Parula Warbler

Compsothlypis americana americana

This is the southern form with the characteristics and mannerisms of the Northern Parula. About the only difference in its habits is the fact that it invariably selects drifts of Usnea for its home, probably because where it lives there is plenty of that moss.


Southeastern United States from the District of Columbia south to Alabama and Florida.

Northern Parula Warbler

Compsothlypis americana usneae

This sprightly little blue-gray bird, with its back semicircle of brassy yellow, is one of the first Warblers I identified in the flush of my youthful ornithological enthusiasm.

I was less than 10 years old when one Spring day I called my father to the window of our house near Prospect Park in Brooklyn, to show him one of these little fellows. I remember he called it a “Blue Yellowback Warbler."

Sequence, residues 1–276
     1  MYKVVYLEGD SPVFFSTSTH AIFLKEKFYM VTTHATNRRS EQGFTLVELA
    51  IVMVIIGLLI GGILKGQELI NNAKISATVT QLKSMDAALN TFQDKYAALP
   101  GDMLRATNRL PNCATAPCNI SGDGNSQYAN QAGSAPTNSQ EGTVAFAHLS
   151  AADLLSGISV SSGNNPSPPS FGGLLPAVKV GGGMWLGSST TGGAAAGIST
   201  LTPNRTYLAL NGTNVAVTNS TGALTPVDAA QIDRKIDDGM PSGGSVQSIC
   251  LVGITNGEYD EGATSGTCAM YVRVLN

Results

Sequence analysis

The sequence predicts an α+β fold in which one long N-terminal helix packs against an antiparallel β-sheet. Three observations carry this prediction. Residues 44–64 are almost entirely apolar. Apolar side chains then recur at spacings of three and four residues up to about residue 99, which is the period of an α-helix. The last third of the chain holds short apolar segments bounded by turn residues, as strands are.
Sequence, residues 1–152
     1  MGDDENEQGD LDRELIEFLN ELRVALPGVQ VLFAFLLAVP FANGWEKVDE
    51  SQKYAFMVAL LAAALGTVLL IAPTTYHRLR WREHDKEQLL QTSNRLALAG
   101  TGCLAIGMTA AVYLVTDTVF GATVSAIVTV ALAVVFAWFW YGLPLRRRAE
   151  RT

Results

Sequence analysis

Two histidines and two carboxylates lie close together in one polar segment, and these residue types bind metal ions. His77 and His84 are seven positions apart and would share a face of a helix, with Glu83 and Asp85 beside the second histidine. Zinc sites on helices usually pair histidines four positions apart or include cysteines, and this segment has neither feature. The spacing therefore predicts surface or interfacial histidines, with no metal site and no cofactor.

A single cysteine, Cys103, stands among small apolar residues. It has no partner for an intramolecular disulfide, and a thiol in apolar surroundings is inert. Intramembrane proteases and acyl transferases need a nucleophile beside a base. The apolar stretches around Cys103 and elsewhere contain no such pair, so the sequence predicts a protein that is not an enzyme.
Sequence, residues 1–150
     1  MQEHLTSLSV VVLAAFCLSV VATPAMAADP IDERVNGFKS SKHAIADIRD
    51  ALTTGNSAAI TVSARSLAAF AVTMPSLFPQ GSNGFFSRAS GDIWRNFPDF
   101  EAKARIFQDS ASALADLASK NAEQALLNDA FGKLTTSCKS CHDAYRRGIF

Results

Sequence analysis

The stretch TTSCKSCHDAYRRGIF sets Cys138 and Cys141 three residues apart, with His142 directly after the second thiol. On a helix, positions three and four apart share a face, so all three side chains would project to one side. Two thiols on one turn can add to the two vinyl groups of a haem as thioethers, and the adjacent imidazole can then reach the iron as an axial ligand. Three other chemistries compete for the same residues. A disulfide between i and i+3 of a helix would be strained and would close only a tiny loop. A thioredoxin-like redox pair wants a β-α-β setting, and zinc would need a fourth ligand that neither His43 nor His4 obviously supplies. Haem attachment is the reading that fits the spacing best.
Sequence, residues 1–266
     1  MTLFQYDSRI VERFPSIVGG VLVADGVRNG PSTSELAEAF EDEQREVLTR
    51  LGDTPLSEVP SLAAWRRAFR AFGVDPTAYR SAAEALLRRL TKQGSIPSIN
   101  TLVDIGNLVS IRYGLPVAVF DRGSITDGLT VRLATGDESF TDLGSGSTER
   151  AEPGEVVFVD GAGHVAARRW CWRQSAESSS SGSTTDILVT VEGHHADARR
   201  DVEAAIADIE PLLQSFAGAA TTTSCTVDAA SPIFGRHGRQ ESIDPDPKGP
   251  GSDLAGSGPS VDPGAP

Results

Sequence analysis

They are as cheerful and active as the rest of the family and I have frequently seen them utter their grasshopper sparrow-like buzz with a billful of bugs!

Here in Dutchess County (New York) they go thru every year with extraordinary regularity, from the tenth to the middle of May, on their way to their breeding grounds, and they take a generous toll of the insect population.


Eastern United States, West to Mississippi River, north to Ontario, northern Minnesota and Cape Breton Island.

Birds and Trees of North America
Volume 11
, Plate
648 - 648a
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